The next morning an early start saw me on the road heading towards the Port Elizabeth and the Garden Route. No time for relaxation, or for exploration of the railway centre at George, as I had to get to Robertson for my next few nights accommodation. Robertson is in one of the many great wine-growing areas of the Cape. My host here was Johan Stemmet who took time from work to take me around the area; to a brandy distillery, a winery and an ostrich farm. In the Kings River and Breede valleys he showed a me number of disused pump houses where the original engines still stand. These are generally National, Ruston and Blackstone diesel engines dating from the nineteen-fifties. [7 & 8] On the last day of my stay with Johan we drove into Worcester the main town of the area. In one of the local scrap yards we found an old Lister Blackstone ERS engine that is used as a stand-by against the frequent mains power supply cuts. [9]

The Kleinplasie Open Air Museum on the edge of Worcester warranted a longer visit than we could spend. There is a wide range of agricultural machinery of all kinds and makes, main line railways, road vehicles and a host of exhibits recording life in South Africa from the first settlers to the present. Another must for a future visit.

  (9) Lister-Blackstone ERS.  [10] 1925 Blackstone SFC 152643.

And so on the road again to stay for few days with Arthur Wilding at Groot Drakheim: A surveyor by profession but a collector of old machinery by inclination. Among his vast collection of old iron rescued from the scrap man is very nice Blackstone SFC portable No. 152643 from 1925. [10] Yet to be restored, it is complete and even now carries some original paint and lining. Arthur very generously took time off work to show me around the Cape area; Simonstown Naval Base Museum, Kirstenbosch Botanical Gardens, the Huguenot Museum at Franshoek and the new waterfront development at Capetown. All this gave me a chance to brush up on my much neglected South African history and geography.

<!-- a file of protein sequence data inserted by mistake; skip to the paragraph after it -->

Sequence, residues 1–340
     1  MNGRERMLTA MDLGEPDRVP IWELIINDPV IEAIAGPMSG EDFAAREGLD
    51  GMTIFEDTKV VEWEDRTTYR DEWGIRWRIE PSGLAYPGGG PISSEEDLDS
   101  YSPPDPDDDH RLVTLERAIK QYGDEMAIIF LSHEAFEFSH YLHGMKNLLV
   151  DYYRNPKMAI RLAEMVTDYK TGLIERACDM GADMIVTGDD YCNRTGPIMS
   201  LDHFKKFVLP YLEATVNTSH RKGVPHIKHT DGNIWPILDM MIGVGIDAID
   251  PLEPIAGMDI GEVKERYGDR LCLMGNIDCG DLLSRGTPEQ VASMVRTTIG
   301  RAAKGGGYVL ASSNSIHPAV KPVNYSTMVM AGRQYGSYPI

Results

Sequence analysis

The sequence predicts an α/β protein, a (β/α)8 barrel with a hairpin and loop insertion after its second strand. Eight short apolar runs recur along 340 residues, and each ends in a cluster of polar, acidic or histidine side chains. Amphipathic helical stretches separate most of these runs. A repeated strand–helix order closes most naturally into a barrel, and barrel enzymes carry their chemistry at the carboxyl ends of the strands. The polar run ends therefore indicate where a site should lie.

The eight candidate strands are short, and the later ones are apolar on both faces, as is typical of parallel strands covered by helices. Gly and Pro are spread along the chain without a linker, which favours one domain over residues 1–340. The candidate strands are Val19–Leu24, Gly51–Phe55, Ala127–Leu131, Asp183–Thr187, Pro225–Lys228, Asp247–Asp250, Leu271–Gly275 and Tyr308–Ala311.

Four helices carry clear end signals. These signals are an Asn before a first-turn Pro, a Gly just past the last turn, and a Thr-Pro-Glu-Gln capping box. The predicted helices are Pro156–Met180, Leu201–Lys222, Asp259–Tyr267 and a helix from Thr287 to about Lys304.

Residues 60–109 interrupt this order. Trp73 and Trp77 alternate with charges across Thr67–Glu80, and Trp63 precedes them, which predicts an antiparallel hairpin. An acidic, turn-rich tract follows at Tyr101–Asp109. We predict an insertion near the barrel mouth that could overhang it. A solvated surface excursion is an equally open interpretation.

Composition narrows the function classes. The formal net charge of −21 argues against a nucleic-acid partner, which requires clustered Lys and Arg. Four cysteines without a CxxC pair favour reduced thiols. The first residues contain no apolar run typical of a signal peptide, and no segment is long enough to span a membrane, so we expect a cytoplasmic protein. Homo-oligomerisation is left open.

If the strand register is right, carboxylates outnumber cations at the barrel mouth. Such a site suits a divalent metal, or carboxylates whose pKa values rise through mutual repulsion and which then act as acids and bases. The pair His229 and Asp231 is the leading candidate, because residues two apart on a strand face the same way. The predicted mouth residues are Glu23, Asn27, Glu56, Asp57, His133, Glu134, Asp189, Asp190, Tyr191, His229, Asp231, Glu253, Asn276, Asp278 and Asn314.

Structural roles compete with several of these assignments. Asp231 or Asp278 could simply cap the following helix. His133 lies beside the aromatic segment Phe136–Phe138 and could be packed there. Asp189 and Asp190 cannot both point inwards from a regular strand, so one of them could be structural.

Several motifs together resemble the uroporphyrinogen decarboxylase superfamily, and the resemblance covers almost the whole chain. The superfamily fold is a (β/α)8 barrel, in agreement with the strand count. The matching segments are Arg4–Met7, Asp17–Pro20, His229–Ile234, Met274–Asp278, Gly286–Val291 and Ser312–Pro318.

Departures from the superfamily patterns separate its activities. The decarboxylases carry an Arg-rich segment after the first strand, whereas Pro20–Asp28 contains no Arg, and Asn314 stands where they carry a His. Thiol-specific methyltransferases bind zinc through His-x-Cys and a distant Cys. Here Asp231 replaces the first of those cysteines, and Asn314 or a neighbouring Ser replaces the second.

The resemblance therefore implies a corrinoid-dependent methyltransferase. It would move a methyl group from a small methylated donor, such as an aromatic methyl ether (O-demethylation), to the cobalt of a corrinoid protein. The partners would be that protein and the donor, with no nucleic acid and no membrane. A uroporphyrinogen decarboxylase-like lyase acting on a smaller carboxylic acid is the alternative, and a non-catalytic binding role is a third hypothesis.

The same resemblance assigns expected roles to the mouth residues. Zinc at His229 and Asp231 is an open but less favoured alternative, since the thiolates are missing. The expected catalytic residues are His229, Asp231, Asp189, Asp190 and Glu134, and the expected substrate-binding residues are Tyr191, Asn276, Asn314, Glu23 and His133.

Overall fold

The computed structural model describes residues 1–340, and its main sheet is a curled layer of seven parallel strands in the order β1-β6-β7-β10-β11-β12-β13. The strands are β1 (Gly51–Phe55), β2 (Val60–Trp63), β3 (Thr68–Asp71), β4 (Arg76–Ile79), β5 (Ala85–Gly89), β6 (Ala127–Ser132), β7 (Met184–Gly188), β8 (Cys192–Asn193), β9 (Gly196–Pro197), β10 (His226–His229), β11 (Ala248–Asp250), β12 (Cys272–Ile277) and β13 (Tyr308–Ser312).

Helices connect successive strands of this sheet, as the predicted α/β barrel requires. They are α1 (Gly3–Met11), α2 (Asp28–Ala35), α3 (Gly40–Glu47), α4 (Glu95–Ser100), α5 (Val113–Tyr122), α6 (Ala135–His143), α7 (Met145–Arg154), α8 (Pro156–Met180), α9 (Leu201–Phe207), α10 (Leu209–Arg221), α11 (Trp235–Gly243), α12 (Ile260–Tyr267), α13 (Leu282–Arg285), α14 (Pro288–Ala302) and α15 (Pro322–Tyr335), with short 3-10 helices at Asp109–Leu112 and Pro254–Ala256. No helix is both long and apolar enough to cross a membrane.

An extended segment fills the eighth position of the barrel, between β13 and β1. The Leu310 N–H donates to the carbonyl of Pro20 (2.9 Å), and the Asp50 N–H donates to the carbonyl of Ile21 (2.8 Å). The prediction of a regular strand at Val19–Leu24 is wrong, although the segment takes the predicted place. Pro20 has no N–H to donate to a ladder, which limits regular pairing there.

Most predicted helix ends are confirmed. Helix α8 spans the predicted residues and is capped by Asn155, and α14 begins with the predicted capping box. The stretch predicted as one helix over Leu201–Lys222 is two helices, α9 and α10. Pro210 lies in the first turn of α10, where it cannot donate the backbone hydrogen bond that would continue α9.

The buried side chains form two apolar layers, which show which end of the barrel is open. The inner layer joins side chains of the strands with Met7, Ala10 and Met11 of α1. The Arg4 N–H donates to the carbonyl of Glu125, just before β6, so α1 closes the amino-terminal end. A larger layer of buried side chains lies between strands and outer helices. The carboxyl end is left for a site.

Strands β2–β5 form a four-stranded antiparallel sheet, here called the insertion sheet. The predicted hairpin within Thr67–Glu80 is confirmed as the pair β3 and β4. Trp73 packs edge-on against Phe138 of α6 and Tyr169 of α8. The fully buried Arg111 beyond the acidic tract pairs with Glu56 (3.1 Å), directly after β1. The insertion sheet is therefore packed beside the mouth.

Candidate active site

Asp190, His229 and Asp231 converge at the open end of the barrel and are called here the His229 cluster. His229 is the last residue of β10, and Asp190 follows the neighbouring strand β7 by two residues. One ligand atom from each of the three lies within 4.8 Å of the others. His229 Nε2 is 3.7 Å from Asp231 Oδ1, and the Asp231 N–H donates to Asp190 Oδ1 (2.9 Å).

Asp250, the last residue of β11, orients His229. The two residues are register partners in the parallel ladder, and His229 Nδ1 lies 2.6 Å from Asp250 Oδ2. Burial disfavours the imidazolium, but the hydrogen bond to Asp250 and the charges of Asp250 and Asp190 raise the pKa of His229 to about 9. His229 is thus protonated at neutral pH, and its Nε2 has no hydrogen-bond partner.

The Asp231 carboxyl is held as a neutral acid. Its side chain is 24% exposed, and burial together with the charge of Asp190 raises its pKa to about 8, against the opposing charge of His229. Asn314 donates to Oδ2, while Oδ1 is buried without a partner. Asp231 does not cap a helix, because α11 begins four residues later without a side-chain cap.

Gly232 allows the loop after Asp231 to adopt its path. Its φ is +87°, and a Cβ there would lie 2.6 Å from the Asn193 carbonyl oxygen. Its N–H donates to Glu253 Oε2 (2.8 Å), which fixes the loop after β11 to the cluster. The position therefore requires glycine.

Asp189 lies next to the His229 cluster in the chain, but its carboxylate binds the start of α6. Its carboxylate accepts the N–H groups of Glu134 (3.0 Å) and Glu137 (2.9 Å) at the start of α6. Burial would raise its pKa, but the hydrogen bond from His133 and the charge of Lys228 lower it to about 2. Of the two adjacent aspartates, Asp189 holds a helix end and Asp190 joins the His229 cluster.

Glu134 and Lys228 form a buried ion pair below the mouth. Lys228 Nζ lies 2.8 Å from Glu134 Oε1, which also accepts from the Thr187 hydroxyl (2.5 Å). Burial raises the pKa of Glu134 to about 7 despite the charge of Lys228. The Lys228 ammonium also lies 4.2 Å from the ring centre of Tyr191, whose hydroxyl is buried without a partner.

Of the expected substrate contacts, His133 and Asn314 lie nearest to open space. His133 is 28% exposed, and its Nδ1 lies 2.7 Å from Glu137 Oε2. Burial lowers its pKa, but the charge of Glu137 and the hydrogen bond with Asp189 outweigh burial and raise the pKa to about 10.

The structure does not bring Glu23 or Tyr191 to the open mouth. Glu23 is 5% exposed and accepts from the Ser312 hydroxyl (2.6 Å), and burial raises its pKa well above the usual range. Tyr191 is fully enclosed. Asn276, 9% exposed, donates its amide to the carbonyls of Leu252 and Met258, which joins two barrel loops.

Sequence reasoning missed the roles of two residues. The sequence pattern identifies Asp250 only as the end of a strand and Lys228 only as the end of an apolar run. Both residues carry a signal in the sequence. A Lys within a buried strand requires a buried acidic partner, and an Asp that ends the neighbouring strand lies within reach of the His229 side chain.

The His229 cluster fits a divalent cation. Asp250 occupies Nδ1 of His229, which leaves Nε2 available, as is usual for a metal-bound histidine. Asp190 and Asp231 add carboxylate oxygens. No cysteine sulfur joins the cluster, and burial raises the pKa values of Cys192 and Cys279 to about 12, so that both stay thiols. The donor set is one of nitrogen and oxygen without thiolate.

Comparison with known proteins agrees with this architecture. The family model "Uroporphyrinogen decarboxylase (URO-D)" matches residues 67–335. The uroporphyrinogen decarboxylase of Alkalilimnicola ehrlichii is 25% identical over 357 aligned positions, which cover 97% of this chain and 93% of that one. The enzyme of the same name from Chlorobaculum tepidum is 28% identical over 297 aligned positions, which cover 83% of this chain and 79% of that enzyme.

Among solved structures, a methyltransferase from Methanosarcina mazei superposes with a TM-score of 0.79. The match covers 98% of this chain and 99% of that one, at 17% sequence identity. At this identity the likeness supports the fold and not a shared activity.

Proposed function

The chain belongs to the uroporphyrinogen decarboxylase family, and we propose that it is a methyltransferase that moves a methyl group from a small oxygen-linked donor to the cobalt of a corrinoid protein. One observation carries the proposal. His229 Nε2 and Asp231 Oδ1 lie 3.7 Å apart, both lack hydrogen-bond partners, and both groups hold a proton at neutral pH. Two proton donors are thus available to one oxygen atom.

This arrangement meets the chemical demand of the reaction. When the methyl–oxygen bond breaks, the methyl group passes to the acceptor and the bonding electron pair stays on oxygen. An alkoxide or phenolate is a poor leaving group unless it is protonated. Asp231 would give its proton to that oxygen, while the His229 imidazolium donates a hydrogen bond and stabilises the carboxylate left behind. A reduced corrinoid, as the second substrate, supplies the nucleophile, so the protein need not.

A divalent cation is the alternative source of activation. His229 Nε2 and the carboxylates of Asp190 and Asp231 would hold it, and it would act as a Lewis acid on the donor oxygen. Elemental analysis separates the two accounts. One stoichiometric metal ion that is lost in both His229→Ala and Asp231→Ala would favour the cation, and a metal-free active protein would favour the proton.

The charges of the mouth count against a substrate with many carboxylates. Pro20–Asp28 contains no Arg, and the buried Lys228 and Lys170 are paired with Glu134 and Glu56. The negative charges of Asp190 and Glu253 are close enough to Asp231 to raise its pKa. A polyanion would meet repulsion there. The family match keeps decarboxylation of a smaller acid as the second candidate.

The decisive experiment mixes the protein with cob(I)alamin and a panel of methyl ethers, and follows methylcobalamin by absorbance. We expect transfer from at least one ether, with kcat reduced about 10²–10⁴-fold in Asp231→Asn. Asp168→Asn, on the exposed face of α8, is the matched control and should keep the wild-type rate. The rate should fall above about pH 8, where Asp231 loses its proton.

I took an over-night bus from Paarl to Klerksdorp where I met Koos Botha and his father George. Farmers turned engineers their business is the
restoration of Lister engines. This is not for the fun of it, although they are also collectors, but a serious job of work. The engines are still used extensively for borehole pumping in outlying areas. The mains electricity supply is prone to interruption so these engines ensure a water supply for irrigation and for humans and animals. George and Koos are known as Die Lister Manne (The Lister Men). Although primarily concerned with Listers they have recently rescued a pair of Lister Blackstone ERS engines that they are going to restore and put to work in the their machine shop. While I was with them they brought in another ERS that a local man wants rebuilt. This one had been installed in a grain silo and was recovered complete with generator and alternator. Another job for Die Lister Manne!

 [11] OLSI 12-1/2hp No 171109.   [12] SP No SP37101.

The last stage of my journey was to Johannesburg to visit the Arthur Prescott Stationary Engine Museum. Arthur, who is now in his middle eighties and still retains his Yorkshire accent, is recognised as the first in South Africa to save and restore stationary engines. Over the past twenty years or so he and his fellow members of the Rand Society of Model Engineers have built up a fine collection of engines, some of the quite rare. It is fitting that the collection should be named after him. Included in the collection are two Rider Ericsson hot air engines, of 1879 and 1890. I was pleased to see that there are two Blackstone's in the collection: An OLSI 12˝ hp No 171109, 1929 [11] and an SP No. SP37101, the latter formerly used by Koppies Town Council. [12]

This is but a brief résumé of the three weeks I spent in South Africa. I must have travelled nearly three thousand miles through this beautiful country; most of it in isolated places off the tourist routes. I may not have found as many Blackstone engines as I might have hoped, but I saw many amazing sights and met some very welcoming and generous people. That was the best of all. To everyone I met, and especially to everyone who kindly provided accommodation during my visit, I extend my grateful thanks.

© Michael Key 2003